Given The Beatles' "Hey Jude," I had to ask Schaefer whether Jude was a real character from the time of Lennon's assassination or one that he had invented for the movie. "Jude Stein is her name," he said. "She's the real person who had dinner with Chapman on the night he shot John Lennon. They talked and had those conversations. She's real. It's pretty much all real (in the movie). There's not a tremendous amount to read about this event, but there's enough. Jack Jones, of course, wrote the book 'Let Me Take You Down,' which is the source. There's distant distant second place (sources) like a People magazine series of three articles and Barbara Walters did something (and) Larry King did something. It's all facts (in the movie). Everything that you think would be invented like the meeting (Chapman has by chance in Central Park with the then very young Sean Lennon and his nanny) or that the photographer's name was Paul or that the girl's name was Jude, that stuff is all real.

"There's like (a few) things that I changed and they're really kind of tiny and laughable. There was another meal (Chapman ate) that I cut out. After the second night and the prostitute (Chapman had sent to his hotel room), which is also real, he went out for another meal. He had fish and chips in Times Square. And we don't do that because (of time considerations). The other thing is the autograph (Chapman gets from Lennon in the film). It was still light outside (when it actually happened), but we took it to night just to sort of move along the story and get the flashes (from cameras) effects and just kind of obscure Lennon a little bit more and make it a little bit more dramatic."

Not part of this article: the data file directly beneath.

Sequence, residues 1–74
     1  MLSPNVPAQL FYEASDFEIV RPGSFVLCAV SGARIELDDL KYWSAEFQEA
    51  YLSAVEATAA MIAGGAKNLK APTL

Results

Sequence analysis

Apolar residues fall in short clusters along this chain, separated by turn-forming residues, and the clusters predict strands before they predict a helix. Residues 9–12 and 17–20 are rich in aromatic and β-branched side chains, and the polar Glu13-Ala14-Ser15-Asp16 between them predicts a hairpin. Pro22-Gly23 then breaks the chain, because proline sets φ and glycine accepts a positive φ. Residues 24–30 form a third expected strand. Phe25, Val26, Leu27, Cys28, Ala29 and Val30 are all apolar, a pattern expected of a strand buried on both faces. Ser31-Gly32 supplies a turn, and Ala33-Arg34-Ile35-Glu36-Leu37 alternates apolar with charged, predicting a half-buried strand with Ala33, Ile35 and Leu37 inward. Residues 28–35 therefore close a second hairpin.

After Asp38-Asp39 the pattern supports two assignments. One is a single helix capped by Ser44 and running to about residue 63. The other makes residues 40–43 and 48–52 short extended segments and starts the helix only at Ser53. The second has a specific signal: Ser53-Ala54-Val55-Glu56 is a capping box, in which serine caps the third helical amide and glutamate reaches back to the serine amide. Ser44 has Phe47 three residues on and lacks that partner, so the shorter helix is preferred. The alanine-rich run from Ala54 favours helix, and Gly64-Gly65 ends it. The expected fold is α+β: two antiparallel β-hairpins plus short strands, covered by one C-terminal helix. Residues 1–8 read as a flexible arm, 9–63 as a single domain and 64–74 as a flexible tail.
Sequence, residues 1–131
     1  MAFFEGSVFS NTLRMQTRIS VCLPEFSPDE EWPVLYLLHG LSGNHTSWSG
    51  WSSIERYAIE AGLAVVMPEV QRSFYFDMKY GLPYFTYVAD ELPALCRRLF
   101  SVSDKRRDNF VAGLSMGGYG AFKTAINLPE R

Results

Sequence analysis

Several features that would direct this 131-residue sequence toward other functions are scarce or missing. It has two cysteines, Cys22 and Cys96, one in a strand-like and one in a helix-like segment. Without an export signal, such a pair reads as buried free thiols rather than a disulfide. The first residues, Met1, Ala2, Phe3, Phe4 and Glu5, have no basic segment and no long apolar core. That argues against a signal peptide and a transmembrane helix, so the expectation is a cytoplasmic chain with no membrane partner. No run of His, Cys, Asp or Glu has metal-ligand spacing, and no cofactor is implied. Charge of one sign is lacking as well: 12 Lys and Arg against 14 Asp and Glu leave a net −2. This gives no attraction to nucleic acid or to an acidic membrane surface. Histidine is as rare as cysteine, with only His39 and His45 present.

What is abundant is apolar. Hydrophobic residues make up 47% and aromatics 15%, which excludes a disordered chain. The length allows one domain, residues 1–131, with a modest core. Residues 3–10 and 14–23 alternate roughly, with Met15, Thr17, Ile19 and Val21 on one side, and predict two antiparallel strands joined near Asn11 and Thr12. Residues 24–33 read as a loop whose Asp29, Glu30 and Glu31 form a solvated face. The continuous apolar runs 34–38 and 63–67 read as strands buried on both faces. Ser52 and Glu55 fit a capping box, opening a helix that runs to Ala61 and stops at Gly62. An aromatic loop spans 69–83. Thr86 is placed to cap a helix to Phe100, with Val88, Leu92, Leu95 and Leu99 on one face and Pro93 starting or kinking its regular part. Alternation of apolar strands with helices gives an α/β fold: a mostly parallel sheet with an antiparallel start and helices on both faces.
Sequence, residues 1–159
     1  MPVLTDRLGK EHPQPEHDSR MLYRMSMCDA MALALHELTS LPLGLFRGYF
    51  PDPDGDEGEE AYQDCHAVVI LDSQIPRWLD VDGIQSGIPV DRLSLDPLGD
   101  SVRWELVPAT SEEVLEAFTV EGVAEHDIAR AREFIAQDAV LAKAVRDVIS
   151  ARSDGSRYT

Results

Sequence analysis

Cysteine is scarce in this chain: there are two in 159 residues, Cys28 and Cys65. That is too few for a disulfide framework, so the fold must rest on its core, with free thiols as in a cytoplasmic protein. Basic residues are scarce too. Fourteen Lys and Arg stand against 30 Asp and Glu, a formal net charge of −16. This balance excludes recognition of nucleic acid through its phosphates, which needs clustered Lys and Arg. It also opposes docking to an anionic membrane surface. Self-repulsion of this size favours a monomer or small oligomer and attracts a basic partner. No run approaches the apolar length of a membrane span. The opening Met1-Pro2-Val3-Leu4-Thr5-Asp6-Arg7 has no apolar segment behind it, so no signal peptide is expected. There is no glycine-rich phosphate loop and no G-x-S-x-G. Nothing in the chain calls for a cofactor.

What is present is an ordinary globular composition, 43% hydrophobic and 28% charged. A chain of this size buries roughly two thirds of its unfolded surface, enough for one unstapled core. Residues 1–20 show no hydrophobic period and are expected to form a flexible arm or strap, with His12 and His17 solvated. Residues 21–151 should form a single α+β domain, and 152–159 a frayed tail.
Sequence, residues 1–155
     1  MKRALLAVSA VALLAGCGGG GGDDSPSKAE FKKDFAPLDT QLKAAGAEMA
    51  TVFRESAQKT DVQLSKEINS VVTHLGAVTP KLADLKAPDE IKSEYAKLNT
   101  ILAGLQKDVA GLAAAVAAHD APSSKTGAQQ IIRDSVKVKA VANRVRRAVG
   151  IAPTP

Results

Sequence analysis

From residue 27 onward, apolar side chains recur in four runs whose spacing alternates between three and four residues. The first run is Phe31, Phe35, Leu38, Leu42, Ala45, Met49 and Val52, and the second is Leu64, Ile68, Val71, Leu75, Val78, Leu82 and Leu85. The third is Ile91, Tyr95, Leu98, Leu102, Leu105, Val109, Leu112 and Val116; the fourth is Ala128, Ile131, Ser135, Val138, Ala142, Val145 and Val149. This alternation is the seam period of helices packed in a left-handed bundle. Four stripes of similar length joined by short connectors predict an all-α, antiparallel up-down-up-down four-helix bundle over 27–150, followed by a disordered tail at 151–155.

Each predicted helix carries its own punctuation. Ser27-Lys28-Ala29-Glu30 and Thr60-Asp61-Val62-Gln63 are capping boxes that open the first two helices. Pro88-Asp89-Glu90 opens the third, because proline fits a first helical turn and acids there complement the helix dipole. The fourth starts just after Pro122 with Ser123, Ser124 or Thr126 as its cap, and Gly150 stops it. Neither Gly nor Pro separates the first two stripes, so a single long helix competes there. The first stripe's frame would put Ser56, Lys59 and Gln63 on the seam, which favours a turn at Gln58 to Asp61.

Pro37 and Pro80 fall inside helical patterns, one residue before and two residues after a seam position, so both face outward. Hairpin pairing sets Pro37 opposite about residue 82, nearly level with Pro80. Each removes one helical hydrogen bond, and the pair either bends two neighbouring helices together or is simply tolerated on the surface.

In real life, he continued, "Paul, the photographer, was actually a big fat guy, but in the script he (originally) was like this cute blonde guy. He was the guy who was not a loner and (Chapman) was the guy who was a loner, but it never worked. And then I met Judah because I didn't want to just see pretty guys to play Paul. I wanted to see all kinds of different guys to play Paul because I didn't quite know what was up with Paul yet. So we went with Paul being a big fat guy and kind of a weirdo and Judah took over.

"So it's actually two things (that we changed). There's got to be other tiny things that are changed, but it is a true story. There's no fiction. But, of course, we heighten everything because we're making a Hollywood movie. Once Leto was going to play Chapman you needed that universe populated with people like Lindsay and Judah and you needed it to be photographed with the sort of bold intensity that those performers were going to bring to it. You just have to complement your art form. You have to have all the gears functioning and playing off each other."

We don't get a very good look at Lennon in the film, but the actor playing the role makes you believe you're seeing Lennon on the screen. When I looked at the credits for "Chapter 27" I couldn't believe my eyes because Lennon is played by an English actor named Mark Lindsay Chapman. His credits include soap operas like "The Young and the Restless" and "Days of Our Lives" as well as James Cameron's "Titanic."